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J Bacteriol. Aug 2006; 188(15): 5640–5645.
PMCID: PMC1540045

Transcriptional Profile of Haemophilus influenzae: Effects of Iron and Heme

Abstract

Haemophilus influenzae requires either heme or a porphyrin and iron source for growth. Microarray studies of H. influenzae strain Rd KW20 identified 162 iron/heme-regulated genes, representing ~10% of the genome, with ≥1.5-fold changes in transcription in response to iron/heme availability in vitro. Eighty genes were preferentially expressed under iron/heme restriction; 82 genes were preferentially expressed under iron/heme-replete conditions.

While Haemophilus influenzae is unable to synthesize protoporphyrin IX (PPIX), it does possess a ferrochelatase that reversibly inserts iron into PPIX to form heme (13, 23). Thus, H. influenzae requires either iron, in the presence of PPIX, or heme to grow. Found only in humans, H. influenzae has evolved highly redundant mechanisms to obtain both heme and iron from host sources (16). The available heme/iron sources and the H. influenzae acquisition mechanisms have been partially characterized (6, 7, 14, 16-20, 26), although little is known about the specific regulation of these pathways.

The goals of the current study were to identify gene products potentially mediating iron and heme uptake and to provide a foundation for their further study, as well as to gain insight into possible mechanisms of regulation. Since H. influenzae can interconvert heme and iron (releasing PPIX), the genomic transcriptional profiles of growth in iron- and heme (FeHm)-replete and -restricted media were compared.

Initially the kinetics of FeHm-mediated derepression were characterized using quantitative reverse transcription-PCR (Q-RT-PCR) to examine transcripts of the FeHm-regulated iron binding protein gene hitA (1, 16). Inocula of H. influenzae Rd KW20 (ATCC 51907) were prepared as previously described (14). Inocula were added to 60-ml volumes of brain heart infusion (BHI) broth containing 10 μg/ml β-NAD (BHI-NAD) to yield ~2 × 107 CFU/ml. FeHm-replete cultures (containing 500 μM FeCl3 and 10 μg/ml heme as hemin chloride) and FeHm-restricted cultures (containing 150 μM deferoxamine) were incubated at 37°C in a rotary shaker (175 rpm). Samples were removed at 30-min intervals for Q-RT-PCR and viable count determination as previously described (15, 27). Cells remained viable upon transfer to FeHm-restricted BHI-NAD for at least 3 h (Fig. (Fig.1A),1A), and transcription of hitA increased to a plateau within 60 to 90 min of transfer to an FeHm-restricted environment (Fig. (Fig.1B).1B). Conversely, transcription of hitA in FeHm-supplemented media showed no increase over the same period.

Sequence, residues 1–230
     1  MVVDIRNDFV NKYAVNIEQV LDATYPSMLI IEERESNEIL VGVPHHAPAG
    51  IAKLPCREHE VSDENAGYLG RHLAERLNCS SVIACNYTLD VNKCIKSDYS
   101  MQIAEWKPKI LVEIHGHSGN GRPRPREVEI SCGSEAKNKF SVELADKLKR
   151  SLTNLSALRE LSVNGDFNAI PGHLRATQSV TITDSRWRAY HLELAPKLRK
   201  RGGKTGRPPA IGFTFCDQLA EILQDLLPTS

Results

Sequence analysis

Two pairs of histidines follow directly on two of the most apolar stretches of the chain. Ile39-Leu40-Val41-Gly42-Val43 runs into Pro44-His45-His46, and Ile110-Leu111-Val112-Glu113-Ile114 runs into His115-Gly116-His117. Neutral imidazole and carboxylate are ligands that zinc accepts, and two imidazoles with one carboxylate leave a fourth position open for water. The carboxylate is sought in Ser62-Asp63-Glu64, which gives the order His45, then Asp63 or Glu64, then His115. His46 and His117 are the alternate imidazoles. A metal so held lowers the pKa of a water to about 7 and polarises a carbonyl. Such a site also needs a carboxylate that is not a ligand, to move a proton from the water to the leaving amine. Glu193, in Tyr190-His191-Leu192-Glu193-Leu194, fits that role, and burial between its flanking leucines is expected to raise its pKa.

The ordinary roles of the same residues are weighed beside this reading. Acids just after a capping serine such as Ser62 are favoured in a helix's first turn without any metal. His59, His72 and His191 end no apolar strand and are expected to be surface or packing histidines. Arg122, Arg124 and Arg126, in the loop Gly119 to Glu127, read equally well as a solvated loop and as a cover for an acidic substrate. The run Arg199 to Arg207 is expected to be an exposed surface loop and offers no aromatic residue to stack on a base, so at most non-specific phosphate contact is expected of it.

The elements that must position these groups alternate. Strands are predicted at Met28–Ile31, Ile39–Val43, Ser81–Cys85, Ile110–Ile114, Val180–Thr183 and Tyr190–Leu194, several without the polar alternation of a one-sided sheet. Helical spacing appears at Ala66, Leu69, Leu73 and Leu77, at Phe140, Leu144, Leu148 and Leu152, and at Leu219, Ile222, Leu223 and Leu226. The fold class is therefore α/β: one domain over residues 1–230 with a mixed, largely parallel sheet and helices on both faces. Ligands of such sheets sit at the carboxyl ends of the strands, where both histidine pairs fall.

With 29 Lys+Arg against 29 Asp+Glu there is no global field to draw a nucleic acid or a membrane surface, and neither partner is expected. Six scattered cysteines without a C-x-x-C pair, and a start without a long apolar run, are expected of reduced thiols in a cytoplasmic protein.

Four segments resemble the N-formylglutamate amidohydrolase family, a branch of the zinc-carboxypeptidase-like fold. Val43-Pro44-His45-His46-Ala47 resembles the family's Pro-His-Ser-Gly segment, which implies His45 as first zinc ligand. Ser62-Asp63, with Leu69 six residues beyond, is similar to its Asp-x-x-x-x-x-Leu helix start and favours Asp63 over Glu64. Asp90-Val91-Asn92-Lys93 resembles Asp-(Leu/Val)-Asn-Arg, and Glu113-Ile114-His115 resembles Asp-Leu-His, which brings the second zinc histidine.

FIG. 1.
Derepression and repression kinetics defining the window of transcriptional regulation for select FeHm-regulated genes of H. influenzae Rd KW20. (A) Growth kinetics (viable count) for the FeHm-replete (closed circles) and FeHm-restricted (open circles) ...

To determine the kinetics of FeHm repression, the experiment was repeated with supplementation of the FeHm-restricted media at 90 min with 500 μM FeCl3 and 10 μg/ml heme. Q-RT-PCR analysis demonstrated an initial increase in hitA transcripts; however, within 15 min of FeHm addition, transcripts rapidly decreased to a level identical to that in the FeHm-replete flask (Fig. (Fig.1C1C).

The transcription of tbp1 (11) and ompP2 (2) was also examined. These genes were considered to represent an iron/heme-regulated gene and a nonregulated gene, respectively. Genes hitA and tbp1 share a similar transcriptional profile, while ompP2 showed no changes in transcription (Fig. (Fig.1D).1D). Oligonucleotide primers are listed in Table S1 in the supplemental data at http://peds.ouhsc.edu/lab/stull/whitby2006/tableS1.pdf.

The kinetics of Fe repression and heme repression are similar.

The above experiment was repeated with addition of iron or heme alone. There were no apparent differences after supplementation with either iron or heme alone or with both in repression of transcription of hitA or tbp2 (Fig. (Fig.2);2); therefore, dual-iron/heme supplementation was utilized in further studies.

FIG. 2.